A case-control study found that survivors of testicular cancer who underwent chemotherapy have an increased expression of p16INK4a, which has been called a biomarker of aging, in certain immune cells (Abstract 548). Survivors also had variations in T-cell populations that, combined, suggest the presence of an immunosenescent phenotype, researchers said. These results are particularly relevant in view of the finding in a large population-based study that men with testicular cancer who are treated with chemotherapy are more than twice as likely to die of infectious diseases compared to the general population.1
Dr. Maria Teresa Bourlon presents Abstract 548 during Oral Abstract Session B.
In the course of normal aging, several changes to T lymphocytes, B lymphocytes, and natural killer (NK) cells have been observed; these include reductions in naive T cells CD24+ and CD28+, along with increases in memory T cells and expression of CD57+ cells, among others. These changes can reduce the ability to control infections and diminish the response to vaccines and might increase cancer risk in elderly people. Meanwhile, p16INK4a is a cell-cycle regulating protein and an inhibitor of cyclin-dependent kinases 4 and 6; it is known to play an important role in cellular aging and in premature senescence, Dr. Bourlon said. “The expression of p16INK4a in peripheral blood T cells has been described as a biomarker of aging,” she said.
To study the potential induction of premature immunosenescence in testicular cancer survivors, the investigators conducted a case-control study of 30 individuals. The 15 cases had testicular cancer treated with chemotherapy, and they were matched with 15 healthy controls; p16INK4a expression was measured using real-time polymerase chain reaction, and lymphocyte subpopulations were analyzed using flow cytometry.
The median age of cases was 27 years (range, 24 to 54 years), and there were six cases (40%) of seminoma and nine (60%) of nonseminoma. All patients received at least three cycles of bleomycin, etoposide, and cisplatin (BEP); some received only three cycles (40%), others received four cycles (33.3%), and some received three or four BEP cycles along with paclitaxel, ifosfamide, and cisplatin (TIP) or etoposide, ifosfamide, and cisplatin (VIP). Three patients received radiation therapy (20%), and the median time on surveillance was 26 months.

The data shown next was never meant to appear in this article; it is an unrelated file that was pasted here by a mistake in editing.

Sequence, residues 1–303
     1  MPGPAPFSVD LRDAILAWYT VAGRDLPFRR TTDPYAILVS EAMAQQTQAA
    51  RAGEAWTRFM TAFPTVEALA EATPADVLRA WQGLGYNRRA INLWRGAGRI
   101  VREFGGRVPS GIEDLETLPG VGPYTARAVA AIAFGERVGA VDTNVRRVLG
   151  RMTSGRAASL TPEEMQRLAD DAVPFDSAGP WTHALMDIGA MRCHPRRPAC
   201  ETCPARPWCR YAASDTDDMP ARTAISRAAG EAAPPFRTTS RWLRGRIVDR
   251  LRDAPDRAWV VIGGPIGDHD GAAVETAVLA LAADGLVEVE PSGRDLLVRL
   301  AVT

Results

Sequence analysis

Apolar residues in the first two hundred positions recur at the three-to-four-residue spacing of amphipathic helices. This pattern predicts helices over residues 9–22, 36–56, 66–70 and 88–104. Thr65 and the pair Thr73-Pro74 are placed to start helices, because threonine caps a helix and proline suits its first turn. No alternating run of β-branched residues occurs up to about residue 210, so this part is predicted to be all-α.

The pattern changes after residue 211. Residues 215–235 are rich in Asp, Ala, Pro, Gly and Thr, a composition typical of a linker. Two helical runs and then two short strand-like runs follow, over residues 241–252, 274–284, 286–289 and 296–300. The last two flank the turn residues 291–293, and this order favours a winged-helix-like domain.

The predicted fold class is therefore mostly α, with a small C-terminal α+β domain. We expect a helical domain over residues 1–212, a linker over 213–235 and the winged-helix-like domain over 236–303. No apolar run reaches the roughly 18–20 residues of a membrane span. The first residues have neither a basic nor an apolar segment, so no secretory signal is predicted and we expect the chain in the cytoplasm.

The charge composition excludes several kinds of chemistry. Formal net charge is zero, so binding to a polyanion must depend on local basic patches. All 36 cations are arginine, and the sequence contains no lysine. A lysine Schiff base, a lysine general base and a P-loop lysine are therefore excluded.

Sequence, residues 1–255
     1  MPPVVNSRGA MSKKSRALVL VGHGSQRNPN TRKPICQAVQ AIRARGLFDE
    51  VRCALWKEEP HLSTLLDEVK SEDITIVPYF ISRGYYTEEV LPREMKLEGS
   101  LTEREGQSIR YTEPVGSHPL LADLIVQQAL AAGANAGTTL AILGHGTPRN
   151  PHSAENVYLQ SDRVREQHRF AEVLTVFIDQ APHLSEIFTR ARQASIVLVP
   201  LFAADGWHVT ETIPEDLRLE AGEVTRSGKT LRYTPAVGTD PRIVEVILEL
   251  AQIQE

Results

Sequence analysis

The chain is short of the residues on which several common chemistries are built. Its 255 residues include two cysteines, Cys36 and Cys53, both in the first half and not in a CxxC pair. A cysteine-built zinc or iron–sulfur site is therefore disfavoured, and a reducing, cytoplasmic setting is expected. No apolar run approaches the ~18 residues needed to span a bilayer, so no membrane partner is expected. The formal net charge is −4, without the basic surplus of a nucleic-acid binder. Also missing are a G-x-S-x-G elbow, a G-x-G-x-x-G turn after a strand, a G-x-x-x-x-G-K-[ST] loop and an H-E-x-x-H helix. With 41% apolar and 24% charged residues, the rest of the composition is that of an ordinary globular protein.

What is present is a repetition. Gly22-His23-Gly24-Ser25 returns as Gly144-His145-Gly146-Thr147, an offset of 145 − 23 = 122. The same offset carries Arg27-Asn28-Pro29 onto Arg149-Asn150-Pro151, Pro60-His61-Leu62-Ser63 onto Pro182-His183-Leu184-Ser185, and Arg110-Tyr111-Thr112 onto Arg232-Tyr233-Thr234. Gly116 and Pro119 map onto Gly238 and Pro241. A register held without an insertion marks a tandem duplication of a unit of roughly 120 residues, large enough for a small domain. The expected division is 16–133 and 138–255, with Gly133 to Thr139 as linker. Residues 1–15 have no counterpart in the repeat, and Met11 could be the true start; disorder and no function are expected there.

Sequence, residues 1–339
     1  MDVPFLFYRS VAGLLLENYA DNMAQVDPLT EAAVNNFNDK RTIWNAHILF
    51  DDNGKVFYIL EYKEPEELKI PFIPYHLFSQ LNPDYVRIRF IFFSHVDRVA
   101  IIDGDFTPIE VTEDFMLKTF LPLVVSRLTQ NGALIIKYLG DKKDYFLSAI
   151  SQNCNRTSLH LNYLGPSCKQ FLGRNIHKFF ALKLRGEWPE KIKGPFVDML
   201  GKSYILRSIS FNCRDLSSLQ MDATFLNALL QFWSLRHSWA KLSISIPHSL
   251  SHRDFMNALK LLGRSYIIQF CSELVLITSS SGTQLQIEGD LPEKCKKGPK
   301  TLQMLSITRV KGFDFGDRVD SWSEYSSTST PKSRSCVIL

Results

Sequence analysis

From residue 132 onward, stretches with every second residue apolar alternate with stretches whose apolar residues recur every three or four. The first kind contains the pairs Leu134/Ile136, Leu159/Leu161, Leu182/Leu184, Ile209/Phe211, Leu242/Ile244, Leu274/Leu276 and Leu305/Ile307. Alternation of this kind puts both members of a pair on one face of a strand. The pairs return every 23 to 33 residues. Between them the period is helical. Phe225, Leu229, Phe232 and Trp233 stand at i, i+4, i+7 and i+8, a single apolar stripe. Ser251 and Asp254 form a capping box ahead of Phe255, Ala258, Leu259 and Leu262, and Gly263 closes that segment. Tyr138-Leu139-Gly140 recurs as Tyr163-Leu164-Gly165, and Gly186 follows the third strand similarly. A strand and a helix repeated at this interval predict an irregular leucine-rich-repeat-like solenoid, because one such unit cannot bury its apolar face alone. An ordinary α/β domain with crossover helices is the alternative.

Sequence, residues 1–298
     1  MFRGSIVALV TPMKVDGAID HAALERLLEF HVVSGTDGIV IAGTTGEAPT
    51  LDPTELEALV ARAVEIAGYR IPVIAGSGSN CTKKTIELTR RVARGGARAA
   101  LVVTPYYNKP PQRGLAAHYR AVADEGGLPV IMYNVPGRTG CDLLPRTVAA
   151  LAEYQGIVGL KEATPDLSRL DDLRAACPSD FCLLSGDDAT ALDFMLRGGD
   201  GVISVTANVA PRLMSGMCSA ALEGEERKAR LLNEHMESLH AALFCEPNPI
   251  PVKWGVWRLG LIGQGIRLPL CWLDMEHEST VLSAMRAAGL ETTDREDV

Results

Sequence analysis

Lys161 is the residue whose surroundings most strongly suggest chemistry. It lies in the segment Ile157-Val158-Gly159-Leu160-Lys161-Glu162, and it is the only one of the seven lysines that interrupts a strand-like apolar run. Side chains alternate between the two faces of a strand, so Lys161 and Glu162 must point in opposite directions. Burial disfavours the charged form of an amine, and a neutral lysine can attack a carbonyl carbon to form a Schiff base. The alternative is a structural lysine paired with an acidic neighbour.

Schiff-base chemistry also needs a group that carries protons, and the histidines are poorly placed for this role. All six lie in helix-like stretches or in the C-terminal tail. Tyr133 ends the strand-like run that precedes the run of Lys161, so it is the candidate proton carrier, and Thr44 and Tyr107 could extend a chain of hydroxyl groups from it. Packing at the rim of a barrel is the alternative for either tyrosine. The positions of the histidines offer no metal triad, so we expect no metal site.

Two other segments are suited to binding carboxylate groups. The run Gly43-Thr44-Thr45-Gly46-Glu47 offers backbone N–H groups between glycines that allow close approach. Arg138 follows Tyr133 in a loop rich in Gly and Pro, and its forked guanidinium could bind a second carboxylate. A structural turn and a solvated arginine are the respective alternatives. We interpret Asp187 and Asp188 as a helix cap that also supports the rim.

The analysis showed a significantly higher relative expression of p16INK4a in CD3+ cells in testicular cancer survivors, at 1.30 (relative to glyceraldehyde-3-phosphate dehydrogenase) compared with 0.81 in controls (p = 0.031).
There were also differences with regard to lymphocyte subpopulations. Survivors of testicular cancer had fewer CD4+ cells, at 35% when measured as a proportion of total lymphocytes, compared with 42% in controls (p = 0.013). There were no significant differences with regard to CD8+ cells or NK cells, but survivors had a higher proportion of NK T cells than controls, at 3% compared with 0.9% (p = 0.015). CD19+ cells also did not show a significant difference between the groups.
Dr. Aaron Richard Hansen discusses Abstract 548 during Oral Abstract Session B.
For CD8+ cells, again there was a higher proportion of naive cells in cases (15%) compared with controls (27%; p = 0.023). There was not a significant difference with regard to either central memory or effector memory CD8+ cells.
An analysis of B lymphocyte subpopulations showed similar proportions of CD19+ cells between the two groups, but a lower proportion specifically of memory B CD19+ cells in survivors, at 17% compared with 27% (p = 0.004). The proportions of plasmablasts were also similar in the two groups.
“There is an immunosenescent phenotype in testicular cancer survivors,” Dr. Bourlon said, adding that this suggests survivors could be at increased risk of infection and reinforces the importance of surveillance in early stages after treatment. She noted that there is still a question of whether these changes will remain stable over time, and that the causal nature of the effect of the chemotherapy versus the cancer itself remains unclear.
Aaron Richard Hansen, MBBS, FRACP, of the Princess Margaret Cancer Centre, in Canada, discussed the abstract and agreed that the tumor itself cannot be excluded as a potential cause of the induced senescence. Although he said this immunosenescent phenotype is “worthy of investigation,” he added that nonchemotherapy causes of senescence were not described in this study; factors such as smoking, physical activity, and type 2 diabetes all could affect senescence, making interpretation of these results is limited. “I think future work in this area must also look at T-cell exhaustion,” he said, which are distinct from senescent T cells in that they can be reversed.